Fyre Festival: Billy McFarland admits fraud over 'luxury' event

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Image copyright Reuters

The founder of the Fyre Festival - a "luxury" festival in the Bahamas which was called a "complete disaster" by fans - has pleaded guilty to fraud.

Billy McFarland, who co-founded the festival with rapper Ja Rule, admitted to using fake documents to attract investors to put more than $26m (£18.7m) into his company.

The 26-year-old's festival last April had boasted a bill including Skepta, Migos and Blink 182.

He could face up to 40 years in prison.

Image copyright Getty Images
Image caption Ja Rule co-founded Fyre Festival but has not been arrested or charged with any crime

Tickets had cost between $1,200 and $100,000 (£860 and £72,000), with more than 7,000 people expected to attend.

Festival-goers were left stranded on an island in the Bahamas without enough food, water or accommodation.

The festival had initially advertised with an Instagram video featuring models Bella Hadid, Hailey Baldwin and Emily Ratajkowski sailing on a luxury yacht.

It was eventually cancelled and the organisers apologised and offered full refunds after negative publicity.

Image copyright Instagram
Image caption Famous models were used to promote "the next Coachella" on Instagram

Billy McFarland pleaded guilty to two counts of wire fraud, in connection with a scheme to defraud investors in his company Fyre Media Inc and a scheme to defraud a ticket vendor for the festival.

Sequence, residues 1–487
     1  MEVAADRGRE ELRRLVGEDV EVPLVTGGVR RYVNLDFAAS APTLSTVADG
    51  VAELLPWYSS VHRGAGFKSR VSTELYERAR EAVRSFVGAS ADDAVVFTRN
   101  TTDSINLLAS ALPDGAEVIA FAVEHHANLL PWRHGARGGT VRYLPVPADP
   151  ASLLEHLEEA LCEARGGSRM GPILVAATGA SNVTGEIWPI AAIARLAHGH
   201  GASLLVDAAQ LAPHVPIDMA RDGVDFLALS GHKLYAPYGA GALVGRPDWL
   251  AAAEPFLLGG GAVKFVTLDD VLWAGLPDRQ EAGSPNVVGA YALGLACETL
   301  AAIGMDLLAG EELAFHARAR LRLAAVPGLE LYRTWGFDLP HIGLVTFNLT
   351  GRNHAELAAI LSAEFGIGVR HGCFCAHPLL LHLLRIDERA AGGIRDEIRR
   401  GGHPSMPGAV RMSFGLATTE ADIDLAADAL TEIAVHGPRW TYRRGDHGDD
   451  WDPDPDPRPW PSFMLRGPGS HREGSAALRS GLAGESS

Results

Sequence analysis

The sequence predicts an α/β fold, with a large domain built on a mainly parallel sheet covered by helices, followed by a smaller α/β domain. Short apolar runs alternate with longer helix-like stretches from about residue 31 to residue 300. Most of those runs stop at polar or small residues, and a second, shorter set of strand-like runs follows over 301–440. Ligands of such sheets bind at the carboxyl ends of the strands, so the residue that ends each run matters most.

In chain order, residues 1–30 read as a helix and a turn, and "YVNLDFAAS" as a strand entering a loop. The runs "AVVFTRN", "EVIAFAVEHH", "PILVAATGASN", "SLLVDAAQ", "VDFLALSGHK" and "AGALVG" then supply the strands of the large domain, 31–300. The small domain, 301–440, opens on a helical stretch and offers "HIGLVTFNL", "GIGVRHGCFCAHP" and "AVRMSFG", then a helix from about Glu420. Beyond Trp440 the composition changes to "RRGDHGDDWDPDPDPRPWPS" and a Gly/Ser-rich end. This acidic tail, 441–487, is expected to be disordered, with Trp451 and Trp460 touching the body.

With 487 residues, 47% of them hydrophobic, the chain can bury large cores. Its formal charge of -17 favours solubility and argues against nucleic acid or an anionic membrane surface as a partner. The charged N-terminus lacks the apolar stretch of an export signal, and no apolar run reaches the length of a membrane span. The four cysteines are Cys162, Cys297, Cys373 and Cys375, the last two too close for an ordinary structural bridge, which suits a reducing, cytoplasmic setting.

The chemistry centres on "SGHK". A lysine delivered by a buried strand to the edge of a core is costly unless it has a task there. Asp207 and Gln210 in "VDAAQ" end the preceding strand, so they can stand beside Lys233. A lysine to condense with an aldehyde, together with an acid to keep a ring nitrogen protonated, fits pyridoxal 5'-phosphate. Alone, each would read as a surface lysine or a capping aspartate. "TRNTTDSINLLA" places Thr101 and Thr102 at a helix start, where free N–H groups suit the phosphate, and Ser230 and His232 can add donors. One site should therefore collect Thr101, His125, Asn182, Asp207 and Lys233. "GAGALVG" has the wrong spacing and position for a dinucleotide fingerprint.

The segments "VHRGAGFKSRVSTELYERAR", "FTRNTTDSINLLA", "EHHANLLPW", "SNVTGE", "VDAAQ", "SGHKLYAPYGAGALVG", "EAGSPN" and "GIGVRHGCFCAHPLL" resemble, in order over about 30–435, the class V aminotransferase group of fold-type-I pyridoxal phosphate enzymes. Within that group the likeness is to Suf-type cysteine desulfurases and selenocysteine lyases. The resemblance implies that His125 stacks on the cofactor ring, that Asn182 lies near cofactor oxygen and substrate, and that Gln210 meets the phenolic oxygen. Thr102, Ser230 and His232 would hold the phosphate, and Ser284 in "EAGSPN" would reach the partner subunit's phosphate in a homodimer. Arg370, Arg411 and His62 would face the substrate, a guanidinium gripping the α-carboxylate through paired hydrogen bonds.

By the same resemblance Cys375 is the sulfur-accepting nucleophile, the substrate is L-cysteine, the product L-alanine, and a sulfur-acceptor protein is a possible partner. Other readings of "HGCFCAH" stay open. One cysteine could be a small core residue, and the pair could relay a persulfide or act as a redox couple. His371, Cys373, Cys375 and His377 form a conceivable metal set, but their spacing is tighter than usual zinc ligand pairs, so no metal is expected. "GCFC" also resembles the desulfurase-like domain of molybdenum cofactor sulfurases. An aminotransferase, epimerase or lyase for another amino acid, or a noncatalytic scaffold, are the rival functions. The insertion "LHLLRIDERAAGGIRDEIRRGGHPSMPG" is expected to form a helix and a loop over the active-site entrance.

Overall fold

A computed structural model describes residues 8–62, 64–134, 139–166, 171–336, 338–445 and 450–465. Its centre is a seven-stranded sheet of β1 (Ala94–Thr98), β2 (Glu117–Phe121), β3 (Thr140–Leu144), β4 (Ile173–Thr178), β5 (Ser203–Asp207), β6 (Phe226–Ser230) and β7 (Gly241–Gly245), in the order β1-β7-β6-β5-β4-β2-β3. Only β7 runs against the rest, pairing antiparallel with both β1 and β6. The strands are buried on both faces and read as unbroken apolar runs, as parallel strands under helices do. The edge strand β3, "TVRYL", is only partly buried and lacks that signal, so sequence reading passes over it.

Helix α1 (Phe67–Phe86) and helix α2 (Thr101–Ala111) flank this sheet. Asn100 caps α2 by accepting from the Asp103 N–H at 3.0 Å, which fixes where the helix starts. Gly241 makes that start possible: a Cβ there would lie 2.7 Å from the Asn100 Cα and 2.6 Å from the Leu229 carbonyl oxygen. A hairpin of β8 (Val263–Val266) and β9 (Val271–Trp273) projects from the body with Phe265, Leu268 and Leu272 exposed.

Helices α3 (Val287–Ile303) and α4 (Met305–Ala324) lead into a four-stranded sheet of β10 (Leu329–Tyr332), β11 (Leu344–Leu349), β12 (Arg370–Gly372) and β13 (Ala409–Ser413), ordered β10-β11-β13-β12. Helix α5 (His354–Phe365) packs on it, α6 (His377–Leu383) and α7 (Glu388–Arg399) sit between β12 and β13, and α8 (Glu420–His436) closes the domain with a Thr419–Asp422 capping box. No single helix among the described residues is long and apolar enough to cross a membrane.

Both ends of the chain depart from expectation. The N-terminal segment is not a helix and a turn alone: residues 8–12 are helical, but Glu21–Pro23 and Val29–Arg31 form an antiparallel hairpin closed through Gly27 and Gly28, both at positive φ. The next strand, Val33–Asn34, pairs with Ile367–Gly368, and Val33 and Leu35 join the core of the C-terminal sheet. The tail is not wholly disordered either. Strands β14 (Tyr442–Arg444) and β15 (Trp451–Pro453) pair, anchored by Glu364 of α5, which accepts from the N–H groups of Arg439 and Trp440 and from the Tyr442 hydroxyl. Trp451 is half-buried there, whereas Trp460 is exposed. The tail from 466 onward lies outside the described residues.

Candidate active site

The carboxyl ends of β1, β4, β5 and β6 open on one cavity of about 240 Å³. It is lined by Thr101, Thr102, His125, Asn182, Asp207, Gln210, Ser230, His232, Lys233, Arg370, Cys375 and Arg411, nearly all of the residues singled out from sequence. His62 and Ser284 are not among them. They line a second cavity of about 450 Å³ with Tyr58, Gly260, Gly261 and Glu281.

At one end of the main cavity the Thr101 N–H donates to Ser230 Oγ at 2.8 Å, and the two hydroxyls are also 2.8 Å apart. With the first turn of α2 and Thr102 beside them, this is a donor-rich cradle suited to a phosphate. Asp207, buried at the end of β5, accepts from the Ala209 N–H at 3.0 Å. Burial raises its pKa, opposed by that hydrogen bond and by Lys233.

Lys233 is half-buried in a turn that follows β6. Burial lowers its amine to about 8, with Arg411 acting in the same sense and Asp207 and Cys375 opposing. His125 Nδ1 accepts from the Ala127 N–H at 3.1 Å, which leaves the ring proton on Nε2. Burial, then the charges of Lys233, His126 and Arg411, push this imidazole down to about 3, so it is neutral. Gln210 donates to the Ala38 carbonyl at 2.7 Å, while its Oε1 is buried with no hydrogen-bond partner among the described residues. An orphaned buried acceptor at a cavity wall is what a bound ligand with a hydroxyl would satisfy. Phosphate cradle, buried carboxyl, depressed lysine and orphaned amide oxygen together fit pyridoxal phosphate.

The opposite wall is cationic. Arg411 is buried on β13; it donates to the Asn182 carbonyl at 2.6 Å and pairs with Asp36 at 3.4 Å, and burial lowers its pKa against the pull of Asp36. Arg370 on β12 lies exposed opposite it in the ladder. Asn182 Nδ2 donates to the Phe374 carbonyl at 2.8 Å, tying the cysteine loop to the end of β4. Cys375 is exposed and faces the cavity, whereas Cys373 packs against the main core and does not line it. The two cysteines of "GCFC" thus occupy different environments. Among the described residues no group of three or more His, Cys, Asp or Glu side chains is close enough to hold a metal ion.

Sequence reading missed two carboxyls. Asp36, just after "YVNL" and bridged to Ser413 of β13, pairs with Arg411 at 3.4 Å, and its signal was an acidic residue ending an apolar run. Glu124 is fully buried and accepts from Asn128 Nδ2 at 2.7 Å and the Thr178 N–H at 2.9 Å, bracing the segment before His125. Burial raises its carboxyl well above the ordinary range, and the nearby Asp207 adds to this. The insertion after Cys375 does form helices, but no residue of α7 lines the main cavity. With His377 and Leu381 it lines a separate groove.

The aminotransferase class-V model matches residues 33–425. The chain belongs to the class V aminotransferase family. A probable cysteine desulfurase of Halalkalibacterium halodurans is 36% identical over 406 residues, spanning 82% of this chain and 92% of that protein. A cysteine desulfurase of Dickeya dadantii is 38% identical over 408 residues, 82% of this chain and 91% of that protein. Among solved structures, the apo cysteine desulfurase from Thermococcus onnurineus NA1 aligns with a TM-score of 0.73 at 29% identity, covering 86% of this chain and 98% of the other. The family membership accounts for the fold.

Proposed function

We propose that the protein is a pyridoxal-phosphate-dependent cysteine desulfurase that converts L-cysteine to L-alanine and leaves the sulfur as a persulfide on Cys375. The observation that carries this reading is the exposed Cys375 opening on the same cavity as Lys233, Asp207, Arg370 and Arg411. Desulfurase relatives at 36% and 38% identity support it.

A document from the US Department of Justice says that "McFarland repeatedly made materially false statements to investors about Fyre Media's revenue and income, and manipulated Fyre Media's financial statements and supporting documentation to hide Fyre Media's true financial condition."

Ja Rule was not arrested and there's no suggestion he had any involvement or connection with the fraud.

At the time, festival-goers posted videos and photos online of the "mass chaos".

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One of the stranded people told Newsbeat in April last year that the event was the "biggest scam ever".

"It was truly the worst 27 hours of my life," said Lamaan El Gallal.

"They had instructed us not to bring any cash with us. Everything was inclusive and we had bands where we put money.

"But without cash, it was a huge problem."

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